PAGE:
“We are seeing a lot of healthcare applications being researched for development at the moment,” says Vodafone IoT country manager Debbie Power. “Machines being developed for robotic surgery. The surgeon can be in one part of the globe and the patient in another. The robot carries out the surgery directed by the surgeon. This is potentially very big.”

There are also applications in consumer health. “It will assist in the remote care and management of chronic disease and will help keep patients at home,” she says. “Wearable devices will send data back to centres of excellence where the results will be analysed and used to help prevent a stroke or a heart attack. The devices will be able to send warning signs about the wearer to the clinic. This is very interesting from a global perspective. Think about places like Africa where access to medical expertise is very low; it could have life-changing impacts.”


The automotive sector is another industry where the technology will prove critical. Autonomous cars will be reliant on 5G technology if they are ever to take to the roads in any numbers. The low latency of 5G connectivity means that signals from the cars can be processed almost instantaneously from remote locations ensuring the cars’ safety and control systems are fully operational. But this will not come about immediately, according to Clavero.

“First we will see 5G connected drones,” he says. “And there are many other applications we are exploring that will all come together in autonomous cars, probably around 2025.”

“5G is transformational,” says PwC energy leader Ger O’Mahoney. “At PwC we have taken the decision to issue everyone with 5G enabled phones to allow them avail of the opportunities presented by the new technology. We want to maximise the benefits for our business. We can download and access data from anywhere now. It mightn’t have worked before now because of network speeds or file sizes. I have reduced my visits to Dublin by around 25 per cent as a result of being able use Google Hangouts from remote locations.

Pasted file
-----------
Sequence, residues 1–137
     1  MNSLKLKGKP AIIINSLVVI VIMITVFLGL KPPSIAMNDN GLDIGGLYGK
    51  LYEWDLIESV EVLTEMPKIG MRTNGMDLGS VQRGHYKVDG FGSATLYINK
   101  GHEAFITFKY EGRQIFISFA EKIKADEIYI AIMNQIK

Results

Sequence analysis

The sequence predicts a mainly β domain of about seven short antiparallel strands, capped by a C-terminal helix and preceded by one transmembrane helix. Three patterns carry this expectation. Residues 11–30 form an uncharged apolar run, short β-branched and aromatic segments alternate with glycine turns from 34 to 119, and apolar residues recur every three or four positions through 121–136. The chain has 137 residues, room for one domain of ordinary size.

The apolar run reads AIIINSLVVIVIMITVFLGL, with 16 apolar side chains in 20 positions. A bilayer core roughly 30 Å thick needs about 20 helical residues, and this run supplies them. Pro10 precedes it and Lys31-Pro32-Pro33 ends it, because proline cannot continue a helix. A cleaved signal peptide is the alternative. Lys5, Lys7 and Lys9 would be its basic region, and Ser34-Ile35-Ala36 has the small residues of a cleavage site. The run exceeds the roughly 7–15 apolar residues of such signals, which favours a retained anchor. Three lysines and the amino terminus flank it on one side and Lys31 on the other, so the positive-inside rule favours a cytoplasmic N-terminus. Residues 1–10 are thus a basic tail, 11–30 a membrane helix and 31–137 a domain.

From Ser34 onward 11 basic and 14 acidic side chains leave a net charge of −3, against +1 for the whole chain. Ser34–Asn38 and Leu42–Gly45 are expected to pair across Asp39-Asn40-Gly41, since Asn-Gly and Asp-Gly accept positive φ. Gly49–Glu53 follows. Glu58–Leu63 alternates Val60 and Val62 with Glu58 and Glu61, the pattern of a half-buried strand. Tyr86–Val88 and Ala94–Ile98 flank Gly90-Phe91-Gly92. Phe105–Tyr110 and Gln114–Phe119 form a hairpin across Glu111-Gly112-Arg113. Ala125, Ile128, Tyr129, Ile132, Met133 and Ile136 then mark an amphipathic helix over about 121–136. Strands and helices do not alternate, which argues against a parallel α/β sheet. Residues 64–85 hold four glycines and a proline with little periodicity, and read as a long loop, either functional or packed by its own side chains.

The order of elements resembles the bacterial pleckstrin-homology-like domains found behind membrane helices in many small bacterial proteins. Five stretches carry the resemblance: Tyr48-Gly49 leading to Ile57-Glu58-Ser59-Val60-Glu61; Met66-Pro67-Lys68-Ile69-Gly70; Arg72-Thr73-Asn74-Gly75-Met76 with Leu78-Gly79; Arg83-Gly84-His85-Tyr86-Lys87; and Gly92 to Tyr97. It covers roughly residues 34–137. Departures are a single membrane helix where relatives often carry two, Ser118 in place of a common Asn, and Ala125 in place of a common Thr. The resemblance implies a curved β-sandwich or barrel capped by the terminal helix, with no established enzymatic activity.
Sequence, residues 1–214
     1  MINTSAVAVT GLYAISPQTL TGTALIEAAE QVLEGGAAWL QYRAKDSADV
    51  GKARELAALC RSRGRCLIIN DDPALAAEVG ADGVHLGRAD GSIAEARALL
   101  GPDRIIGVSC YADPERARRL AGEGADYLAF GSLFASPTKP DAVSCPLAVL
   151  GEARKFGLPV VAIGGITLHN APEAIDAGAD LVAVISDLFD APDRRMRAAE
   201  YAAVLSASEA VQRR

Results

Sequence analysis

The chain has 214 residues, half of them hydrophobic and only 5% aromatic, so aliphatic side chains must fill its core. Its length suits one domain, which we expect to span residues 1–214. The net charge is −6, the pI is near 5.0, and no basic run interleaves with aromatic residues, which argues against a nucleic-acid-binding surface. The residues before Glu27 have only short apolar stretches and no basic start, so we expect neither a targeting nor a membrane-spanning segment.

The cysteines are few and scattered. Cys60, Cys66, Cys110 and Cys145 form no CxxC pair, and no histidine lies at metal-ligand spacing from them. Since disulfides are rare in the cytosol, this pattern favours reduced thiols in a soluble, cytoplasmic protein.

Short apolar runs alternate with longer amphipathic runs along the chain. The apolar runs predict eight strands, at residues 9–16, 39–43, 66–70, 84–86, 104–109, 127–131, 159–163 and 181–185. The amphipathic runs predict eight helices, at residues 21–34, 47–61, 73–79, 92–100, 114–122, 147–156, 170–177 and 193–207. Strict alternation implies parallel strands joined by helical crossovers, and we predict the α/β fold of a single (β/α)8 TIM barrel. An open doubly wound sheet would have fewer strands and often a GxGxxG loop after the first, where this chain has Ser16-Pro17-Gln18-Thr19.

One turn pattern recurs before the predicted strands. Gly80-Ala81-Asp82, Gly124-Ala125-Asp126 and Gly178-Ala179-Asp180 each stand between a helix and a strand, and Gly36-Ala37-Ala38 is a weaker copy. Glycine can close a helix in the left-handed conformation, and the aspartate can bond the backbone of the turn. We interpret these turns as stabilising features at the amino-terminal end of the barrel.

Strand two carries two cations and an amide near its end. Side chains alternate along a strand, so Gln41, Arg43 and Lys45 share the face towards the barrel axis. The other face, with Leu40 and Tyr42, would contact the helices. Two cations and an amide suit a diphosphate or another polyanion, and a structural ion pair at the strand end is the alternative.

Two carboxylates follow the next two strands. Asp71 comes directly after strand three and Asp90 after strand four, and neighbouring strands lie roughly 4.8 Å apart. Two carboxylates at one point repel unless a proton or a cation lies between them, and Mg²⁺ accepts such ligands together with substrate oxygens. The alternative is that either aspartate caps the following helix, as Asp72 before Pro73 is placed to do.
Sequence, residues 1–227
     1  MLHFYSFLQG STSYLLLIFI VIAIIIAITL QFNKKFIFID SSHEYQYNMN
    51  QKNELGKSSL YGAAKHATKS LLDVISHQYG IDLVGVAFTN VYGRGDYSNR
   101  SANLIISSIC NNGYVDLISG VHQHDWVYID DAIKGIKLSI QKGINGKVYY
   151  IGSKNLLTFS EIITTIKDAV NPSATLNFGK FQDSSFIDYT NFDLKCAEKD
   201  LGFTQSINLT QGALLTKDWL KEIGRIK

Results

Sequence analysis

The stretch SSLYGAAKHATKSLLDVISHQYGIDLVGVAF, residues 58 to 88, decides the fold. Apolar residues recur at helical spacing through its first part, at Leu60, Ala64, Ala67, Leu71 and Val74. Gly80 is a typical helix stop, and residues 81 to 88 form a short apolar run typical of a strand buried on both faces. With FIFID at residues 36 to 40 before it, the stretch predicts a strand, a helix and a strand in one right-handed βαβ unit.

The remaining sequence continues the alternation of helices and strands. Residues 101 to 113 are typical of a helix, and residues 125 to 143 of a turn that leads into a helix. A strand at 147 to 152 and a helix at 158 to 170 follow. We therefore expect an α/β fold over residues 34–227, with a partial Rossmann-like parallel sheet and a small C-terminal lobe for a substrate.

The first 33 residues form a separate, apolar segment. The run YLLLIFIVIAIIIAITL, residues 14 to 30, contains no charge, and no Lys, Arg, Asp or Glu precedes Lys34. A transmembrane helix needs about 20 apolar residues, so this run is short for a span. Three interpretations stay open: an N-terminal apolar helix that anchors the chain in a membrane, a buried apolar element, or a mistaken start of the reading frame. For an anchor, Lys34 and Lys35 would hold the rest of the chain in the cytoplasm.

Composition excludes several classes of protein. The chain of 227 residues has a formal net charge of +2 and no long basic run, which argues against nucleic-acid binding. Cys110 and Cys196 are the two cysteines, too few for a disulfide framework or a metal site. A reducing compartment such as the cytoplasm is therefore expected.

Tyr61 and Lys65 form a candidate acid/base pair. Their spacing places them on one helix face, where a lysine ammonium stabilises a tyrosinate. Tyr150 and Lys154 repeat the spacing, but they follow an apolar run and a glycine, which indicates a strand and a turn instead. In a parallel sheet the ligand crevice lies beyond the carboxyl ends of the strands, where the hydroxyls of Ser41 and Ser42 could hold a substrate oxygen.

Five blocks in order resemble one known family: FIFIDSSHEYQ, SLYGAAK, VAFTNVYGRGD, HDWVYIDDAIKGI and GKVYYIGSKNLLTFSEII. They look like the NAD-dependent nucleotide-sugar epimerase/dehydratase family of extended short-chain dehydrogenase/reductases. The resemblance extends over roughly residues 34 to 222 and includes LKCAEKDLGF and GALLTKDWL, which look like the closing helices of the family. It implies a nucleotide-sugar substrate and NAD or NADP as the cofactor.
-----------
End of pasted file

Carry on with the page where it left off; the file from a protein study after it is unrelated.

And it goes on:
“It will enable smart cities and it will be faster than any existing public wifi network,” he adds. “There is no limit to the business cases it can be put to. The biggest issue of all will be battery power and how power is stored. That will create more opportunities around sustainable energy supply to 5G connected devices.”

Early uptake

According to Power, the early uptake and ongoing evolution of the technology are likely to differ. “It looks as if the greatest early uptake will be in manufacturing,” she says. “It is estimated that over $1 trillion will be invested in 5G technologies worldwide by 2025 and $700 billion of that will be in manufacturing. We are seeing that pattern in Ireland as well.”

This is possibly because it is easier to deploy than in other areas and the use case is clear with automation being the big prize. “Manufacturing looks at small cell deployment within buildings and can be easier to deploy as a consequence. One use would be for IoT in the smart manufacturing systems which underpin Industry 4.0. It will allow manufacturers to get as much out of their existing investments as possible. The use of cobotics [collaborative robotics] is exploding and 5G is enabling that as well.”

While speed and responsiveness may be key to the functionality of the technology, reliability is vitally important. After all, you don’t want the robot to stop halfway through your heart operation because the network has gone down.

“Resilience is hugely important,”says Clavero. “When robotic surgery, telemedicine and autonomous cars are reliant on the network it just cannot be allowed to fail. We are not talking about the five nines [99.999 per cent] availability of traditional networks. It has to have a much higher level of reliability.”